When the Myers family moved to Levittown in 1957, they faced hostility in this all-white community. Later, the Myerses were welcomed in York.
Calling attention to YoCo's water pollution through research and activism.
Public education in York County mostly took place in more than 350 one-room schools between the 1834 and post-World War II.
Creating bronze sculptures for public works used to be a space for mostly men. Now, women like Lorann Jacobs have entered the industry, and they're making bold statements with their art.
In the past 10 years, three Stewartstown-area structures,faced uncertain futures. One was saved. The other two were demolished. But the stories of all three teach lessons.
The legend of Johnny Appleseed oversimplifies the complexities of apple cultivation. One Adams County family explains all that goes into growing that delicious red fruit.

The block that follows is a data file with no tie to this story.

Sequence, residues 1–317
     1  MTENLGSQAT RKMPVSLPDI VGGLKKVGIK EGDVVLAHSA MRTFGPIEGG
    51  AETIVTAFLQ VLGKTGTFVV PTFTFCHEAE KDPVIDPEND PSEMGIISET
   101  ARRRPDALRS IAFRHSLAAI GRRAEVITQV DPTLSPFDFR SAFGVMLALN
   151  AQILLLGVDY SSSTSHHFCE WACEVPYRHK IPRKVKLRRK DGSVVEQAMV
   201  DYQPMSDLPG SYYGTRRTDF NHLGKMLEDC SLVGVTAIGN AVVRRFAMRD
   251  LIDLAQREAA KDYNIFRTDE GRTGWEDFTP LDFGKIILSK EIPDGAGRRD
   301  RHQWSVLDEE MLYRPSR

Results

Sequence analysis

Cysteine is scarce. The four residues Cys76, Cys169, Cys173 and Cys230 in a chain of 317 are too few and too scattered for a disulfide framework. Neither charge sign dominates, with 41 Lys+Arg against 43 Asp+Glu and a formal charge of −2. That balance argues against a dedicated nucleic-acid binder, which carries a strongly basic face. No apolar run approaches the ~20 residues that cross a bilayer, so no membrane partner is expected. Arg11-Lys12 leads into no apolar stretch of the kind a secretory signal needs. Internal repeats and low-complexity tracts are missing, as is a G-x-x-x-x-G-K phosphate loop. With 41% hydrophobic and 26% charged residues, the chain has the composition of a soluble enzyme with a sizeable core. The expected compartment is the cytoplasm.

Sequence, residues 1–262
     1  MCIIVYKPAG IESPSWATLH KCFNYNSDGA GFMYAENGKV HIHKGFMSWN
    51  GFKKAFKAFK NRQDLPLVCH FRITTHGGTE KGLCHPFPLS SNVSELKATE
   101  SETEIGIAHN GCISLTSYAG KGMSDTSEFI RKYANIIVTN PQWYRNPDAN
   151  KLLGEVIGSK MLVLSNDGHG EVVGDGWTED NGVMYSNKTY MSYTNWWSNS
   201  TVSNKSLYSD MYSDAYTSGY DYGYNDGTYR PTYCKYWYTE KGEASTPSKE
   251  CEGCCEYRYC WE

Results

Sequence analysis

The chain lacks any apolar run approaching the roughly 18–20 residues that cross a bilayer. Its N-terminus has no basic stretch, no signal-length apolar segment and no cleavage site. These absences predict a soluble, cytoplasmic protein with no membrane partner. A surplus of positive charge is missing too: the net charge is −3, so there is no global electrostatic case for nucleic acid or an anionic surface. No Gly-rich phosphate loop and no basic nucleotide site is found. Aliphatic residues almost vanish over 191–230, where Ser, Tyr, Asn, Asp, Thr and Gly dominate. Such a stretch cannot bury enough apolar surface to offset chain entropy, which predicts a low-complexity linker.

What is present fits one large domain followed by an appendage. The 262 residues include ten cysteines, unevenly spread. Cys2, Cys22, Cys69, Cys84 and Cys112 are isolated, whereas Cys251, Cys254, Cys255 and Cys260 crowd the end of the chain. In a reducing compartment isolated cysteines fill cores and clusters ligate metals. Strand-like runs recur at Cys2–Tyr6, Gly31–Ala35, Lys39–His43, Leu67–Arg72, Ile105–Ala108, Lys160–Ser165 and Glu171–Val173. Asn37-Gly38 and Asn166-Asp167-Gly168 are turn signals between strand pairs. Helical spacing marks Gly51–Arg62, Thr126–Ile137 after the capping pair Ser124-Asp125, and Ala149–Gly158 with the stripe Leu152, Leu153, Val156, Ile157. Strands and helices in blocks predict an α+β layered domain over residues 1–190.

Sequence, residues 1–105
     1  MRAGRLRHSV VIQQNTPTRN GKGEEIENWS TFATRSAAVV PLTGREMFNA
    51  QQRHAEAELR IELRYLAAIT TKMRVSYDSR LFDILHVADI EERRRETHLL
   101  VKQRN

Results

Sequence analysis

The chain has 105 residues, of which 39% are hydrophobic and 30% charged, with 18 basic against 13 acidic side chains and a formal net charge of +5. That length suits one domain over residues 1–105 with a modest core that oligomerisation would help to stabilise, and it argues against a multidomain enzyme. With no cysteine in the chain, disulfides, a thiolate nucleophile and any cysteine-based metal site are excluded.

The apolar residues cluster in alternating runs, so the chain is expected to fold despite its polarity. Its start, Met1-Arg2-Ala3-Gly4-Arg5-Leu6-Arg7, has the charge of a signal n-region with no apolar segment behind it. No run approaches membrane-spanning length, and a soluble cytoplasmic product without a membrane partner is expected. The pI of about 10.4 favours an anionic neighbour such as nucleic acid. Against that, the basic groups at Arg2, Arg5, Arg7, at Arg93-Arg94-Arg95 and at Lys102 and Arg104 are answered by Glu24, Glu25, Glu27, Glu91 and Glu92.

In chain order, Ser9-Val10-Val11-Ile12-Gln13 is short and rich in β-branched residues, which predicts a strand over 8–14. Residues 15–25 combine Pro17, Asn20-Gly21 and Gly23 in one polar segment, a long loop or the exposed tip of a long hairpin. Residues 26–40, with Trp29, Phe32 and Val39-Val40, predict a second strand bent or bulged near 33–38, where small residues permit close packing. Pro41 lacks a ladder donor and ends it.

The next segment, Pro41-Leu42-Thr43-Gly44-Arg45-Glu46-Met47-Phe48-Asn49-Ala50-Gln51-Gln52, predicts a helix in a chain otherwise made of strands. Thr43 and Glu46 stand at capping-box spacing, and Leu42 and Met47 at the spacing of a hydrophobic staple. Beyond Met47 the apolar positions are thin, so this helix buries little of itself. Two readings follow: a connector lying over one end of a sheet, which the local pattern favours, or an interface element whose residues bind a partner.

Between 1879 and 1918, thousands of Native American children were forced to abandon their cultural practices. Now, Indian Steps Museum will honor these traditions at their annual Pow Wow festival.
Glenalvin Goodridge began the family photography business in 1847 and his brothers, William O. and Wallace, followed. The Goodridge brothers operated the business for 75 years, for most of that time in East Saginaw, Mich.
Since its beginning, York County has served as a crossroads. Settlers would pass through here to go to all points of the compass. Centre Square, later Continental Square, illustrated here, was the epicenter of pioneers seeking their fortune. Yet, other intersections have been the scenes of activity, We're exploring those here.
Historian Jamie Kinsley and archivist Domi Miller explore York County people, places and issues in this new video series: 'Hometown History.'